Ericsson announced plans to build its first fully-automated smart factory in the US.
The factory will produce Advanced Antenna System radios to boost network capacity and coverage, including rural coverage, as well as 5G radios for urban areas.
The new smart factory complements Ericsson's global supply chain, which ensures the company is working close to customers through its European, Asian and American operations, securing fast and agile deliveries to meet customer requirements. This builds on Ericsson's previously announced strategic initiative is the U.S. market.
Ericsson is also fast-tracking the launch of the next-generation smart manufacturing through a modular and flexible production setup in its existing own factories in Estonia, China and Brazil.
Fredrik Jejdling, Executive Vice President and Head of Networks at Ericsson, says: "We continue to focus on working closely with our customers and supporting them in the buildout of 5G globally and in North America. With today's announcement, we conclude months of preparations and can move into execution also in the U.S. In addition, we are digitalizing our entire global production landscape, including establishing this factory in the U.S. With 5G connectivity we're accelerating Industry 4.0, enabling automated factories for the future."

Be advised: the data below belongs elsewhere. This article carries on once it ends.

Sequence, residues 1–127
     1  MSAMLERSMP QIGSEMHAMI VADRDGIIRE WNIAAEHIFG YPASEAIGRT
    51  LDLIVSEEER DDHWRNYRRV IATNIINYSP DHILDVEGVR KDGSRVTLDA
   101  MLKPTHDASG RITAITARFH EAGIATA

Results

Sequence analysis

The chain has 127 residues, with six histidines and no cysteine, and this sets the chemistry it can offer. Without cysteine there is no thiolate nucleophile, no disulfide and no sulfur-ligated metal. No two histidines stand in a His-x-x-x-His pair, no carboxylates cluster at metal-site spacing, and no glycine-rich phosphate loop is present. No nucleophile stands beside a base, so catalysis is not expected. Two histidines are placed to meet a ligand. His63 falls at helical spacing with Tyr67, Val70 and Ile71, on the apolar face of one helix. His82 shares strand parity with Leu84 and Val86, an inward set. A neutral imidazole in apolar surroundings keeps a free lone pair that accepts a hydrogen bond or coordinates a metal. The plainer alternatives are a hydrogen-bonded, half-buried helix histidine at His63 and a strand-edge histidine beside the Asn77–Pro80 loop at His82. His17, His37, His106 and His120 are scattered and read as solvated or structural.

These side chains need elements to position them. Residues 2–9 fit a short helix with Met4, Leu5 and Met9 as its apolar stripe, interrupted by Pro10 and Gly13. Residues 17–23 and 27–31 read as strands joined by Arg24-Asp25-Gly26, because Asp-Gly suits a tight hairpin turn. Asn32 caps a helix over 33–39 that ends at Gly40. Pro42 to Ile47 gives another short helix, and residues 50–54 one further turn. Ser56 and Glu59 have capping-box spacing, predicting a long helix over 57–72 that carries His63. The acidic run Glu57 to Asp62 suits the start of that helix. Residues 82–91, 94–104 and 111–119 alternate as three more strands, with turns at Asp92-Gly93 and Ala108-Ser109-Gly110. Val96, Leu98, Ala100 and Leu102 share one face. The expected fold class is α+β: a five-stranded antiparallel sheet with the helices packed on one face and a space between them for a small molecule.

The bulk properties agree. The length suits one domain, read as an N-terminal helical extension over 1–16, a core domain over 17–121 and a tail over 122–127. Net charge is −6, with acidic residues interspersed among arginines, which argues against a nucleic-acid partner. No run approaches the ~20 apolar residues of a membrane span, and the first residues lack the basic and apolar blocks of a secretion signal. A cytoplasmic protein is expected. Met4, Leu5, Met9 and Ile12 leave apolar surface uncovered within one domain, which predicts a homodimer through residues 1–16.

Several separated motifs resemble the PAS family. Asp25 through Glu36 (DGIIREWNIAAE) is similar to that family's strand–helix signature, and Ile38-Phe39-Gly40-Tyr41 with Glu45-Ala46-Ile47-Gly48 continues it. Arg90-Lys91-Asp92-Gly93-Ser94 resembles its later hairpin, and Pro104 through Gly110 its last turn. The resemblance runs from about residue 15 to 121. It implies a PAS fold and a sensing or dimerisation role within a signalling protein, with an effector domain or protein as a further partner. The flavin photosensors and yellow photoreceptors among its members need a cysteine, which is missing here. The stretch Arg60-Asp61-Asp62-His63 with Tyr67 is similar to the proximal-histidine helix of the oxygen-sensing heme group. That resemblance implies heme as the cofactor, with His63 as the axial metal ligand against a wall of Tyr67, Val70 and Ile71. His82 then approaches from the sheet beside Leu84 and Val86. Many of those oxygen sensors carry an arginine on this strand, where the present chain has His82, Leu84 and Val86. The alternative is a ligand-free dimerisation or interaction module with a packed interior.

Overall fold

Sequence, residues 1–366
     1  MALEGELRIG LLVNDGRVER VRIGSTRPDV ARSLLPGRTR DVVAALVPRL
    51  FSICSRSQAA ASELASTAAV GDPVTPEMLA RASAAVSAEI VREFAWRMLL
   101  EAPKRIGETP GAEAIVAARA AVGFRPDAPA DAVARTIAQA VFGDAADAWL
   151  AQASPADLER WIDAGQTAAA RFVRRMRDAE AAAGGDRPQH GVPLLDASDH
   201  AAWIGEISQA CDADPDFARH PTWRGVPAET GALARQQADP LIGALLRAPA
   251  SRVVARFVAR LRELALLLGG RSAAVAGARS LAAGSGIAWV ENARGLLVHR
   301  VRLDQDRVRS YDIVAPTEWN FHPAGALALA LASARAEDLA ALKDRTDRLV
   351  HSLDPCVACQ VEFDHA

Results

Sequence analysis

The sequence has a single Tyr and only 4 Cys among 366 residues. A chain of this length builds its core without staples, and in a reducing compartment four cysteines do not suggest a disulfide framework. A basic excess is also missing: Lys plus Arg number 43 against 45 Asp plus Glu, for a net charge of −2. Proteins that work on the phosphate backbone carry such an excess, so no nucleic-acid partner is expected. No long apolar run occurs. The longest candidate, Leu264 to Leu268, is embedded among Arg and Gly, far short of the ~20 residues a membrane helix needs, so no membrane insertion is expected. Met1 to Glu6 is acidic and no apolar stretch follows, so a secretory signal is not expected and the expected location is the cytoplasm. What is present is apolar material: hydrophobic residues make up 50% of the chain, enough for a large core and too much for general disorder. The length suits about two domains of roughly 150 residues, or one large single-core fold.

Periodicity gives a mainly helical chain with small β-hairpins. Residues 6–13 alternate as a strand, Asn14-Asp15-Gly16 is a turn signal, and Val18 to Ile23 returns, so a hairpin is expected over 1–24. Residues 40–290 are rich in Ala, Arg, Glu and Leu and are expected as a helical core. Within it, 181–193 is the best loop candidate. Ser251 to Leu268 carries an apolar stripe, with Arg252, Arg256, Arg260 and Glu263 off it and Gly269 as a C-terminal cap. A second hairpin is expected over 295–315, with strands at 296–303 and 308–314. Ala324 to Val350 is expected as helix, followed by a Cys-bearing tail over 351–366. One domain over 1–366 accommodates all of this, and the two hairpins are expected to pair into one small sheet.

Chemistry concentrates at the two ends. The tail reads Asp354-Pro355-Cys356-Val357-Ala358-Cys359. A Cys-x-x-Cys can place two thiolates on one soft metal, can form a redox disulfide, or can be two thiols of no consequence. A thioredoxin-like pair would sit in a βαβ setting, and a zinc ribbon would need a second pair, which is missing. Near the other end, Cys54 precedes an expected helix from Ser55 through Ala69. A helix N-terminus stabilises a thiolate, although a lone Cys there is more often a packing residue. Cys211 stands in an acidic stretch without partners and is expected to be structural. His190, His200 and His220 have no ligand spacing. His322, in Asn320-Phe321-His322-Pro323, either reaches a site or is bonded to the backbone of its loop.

The company is committed to the factory being operational in early 2020. The smart factory will be powered by Ericsson 5G solutions tailored for the industrial environment and will also advance Ericsson's commitment to sustainability.
Ericsson plans to initially employ approximately 100 people at the facility, which will have highly automated operations, as well as a modular and flexible production setup to enable quick ramp up and rollout.
Ericsson began operations via a production partner for the first radios for the U.S. market produced at the end of 2018. The company also established a new R&D site - a software development center - in Austin, Texas. It is located close to the Austin ASIC Design Center, which opened in late 2017 and focuses on core microelectronics of 5G radio base stations.